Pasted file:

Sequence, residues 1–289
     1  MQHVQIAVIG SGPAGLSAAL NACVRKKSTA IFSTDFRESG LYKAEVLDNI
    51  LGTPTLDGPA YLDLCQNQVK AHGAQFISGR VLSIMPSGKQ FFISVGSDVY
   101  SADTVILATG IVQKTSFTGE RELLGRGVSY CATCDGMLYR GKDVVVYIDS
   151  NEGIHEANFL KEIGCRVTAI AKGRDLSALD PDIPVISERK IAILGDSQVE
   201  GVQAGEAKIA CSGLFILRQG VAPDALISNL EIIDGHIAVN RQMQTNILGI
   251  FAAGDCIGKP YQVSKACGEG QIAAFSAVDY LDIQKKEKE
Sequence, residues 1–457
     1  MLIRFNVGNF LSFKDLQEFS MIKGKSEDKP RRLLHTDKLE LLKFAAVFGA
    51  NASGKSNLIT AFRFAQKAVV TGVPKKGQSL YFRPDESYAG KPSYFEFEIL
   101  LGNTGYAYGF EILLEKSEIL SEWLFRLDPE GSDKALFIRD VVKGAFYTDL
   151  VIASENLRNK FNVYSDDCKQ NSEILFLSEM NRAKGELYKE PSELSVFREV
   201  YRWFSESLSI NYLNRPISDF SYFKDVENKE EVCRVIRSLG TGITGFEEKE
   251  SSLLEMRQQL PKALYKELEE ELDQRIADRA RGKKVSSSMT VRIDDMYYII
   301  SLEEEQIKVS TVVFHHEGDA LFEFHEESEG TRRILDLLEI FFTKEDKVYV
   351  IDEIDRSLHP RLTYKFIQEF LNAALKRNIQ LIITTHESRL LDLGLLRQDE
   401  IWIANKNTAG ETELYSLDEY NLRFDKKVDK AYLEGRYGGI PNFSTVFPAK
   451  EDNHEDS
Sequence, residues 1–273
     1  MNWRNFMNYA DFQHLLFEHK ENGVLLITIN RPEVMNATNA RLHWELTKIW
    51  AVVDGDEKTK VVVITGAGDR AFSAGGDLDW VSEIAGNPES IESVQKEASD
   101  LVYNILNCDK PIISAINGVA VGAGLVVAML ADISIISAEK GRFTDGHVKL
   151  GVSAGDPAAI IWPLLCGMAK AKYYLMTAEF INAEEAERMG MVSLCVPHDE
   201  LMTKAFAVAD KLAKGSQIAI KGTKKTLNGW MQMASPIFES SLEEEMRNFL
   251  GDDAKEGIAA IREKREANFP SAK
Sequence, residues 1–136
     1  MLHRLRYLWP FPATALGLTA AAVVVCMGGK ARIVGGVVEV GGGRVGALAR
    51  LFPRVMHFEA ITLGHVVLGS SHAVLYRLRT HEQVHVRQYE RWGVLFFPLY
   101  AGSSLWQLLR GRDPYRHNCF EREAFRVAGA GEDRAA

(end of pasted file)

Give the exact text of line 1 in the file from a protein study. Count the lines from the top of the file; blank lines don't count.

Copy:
Sequence, residues 1–289